Despite the potentially creepy incestuous nature of the name, it's actually a play on Big Brother, which is to say this Prague brothel is under video surveillance at all times.
The good news is if you feel like dipping your wick in the muddied waters of a Czech prostitute at this establishment you can pretty much do it for free. The bad news?
It's free because the dirty, dirty nookie is subsidized by all the people who will be watching you at home on their computers. That's what the cameras are for. So while performing the act, try not to think of the thousands of subscribers, their sweaty buttocks irreparably staining their swivel chairs and their greasy, Cheeto-dusted fingers gumming up their keyboards, occasionally pausing to make a screen cap of you mid-coitus to save as their desktop wallpaper.
Bordels Mobiles de Campagne
If one word is synonymous with the French, it's whores. Ask anyone from Europe or every province in Canada except Quebec.
It's only natural then that, during times of strife, say a war, the French aren't about to give up their whoring just to save their own asses. During the first and second World Wars as well as the Algerian War and the Indochina war, mobile whorehouses, basically just large trailer trucks with about 10 whores per truck, were set up to service French soldiers who couldn't take time away from being shot at to go back to a town and find an old fashioned brothel.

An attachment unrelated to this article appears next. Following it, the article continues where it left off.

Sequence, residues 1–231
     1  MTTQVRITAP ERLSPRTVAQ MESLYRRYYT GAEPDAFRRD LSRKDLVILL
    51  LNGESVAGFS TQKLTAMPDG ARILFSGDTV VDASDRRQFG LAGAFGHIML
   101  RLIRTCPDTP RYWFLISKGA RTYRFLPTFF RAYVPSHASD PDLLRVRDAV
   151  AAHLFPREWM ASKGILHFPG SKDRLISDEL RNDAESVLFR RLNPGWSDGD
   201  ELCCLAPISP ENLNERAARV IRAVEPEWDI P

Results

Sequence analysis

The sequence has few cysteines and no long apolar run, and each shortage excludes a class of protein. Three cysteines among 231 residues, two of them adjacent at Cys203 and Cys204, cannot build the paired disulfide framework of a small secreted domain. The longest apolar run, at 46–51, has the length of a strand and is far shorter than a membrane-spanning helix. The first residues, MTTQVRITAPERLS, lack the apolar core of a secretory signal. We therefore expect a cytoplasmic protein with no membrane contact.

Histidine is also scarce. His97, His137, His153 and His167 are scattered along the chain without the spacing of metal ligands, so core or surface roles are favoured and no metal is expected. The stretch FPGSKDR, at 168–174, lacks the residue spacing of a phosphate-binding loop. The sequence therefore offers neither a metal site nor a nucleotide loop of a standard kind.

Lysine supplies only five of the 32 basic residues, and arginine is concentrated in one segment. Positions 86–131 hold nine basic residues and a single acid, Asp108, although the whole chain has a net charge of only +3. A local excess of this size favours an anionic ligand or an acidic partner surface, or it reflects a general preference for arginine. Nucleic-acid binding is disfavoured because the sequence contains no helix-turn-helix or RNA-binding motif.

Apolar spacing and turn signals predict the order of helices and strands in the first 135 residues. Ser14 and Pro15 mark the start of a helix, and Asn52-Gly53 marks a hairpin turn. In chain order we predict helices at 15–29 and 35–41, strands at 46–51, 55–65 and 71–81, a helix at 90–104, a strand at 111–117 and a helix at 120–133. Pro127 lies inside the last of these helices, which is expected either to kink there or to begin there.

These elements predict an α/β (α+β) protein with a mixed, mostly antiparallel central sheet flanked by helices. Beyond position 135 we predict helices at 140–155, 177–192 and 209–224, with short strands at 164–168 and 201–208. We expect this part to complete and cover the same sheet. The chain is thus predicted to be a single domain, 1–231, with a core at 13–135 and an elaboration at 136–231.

According to our friends on Wikipedia, these were officially organized by the army, meaning at some point in time, someone in the French military basically held the rank of pimp, which is probably the coolest thing anyone in the French military has ever done. In fact, see that image at the top of this entry? That's not a stock photo. The approach to whoring was so popular, there are still traveling whore vans that roam the French countryside today offering up illicit services that you barely have to get off your ass to receive.
Like this, but slightly more French.
We're not about to make any jokes at the expense of the French military fighting prowess or their skills at achieving victory and not surrendering, but if we were, we'd make them in such a way as to suggest a whole army of Frenchmen were apparently too busy getting the clap to bother saving their own asses from, say, the Nazis. Not that the clap isn't wonderful, it's just that much sweeter if you can get it during peace time. So we hear.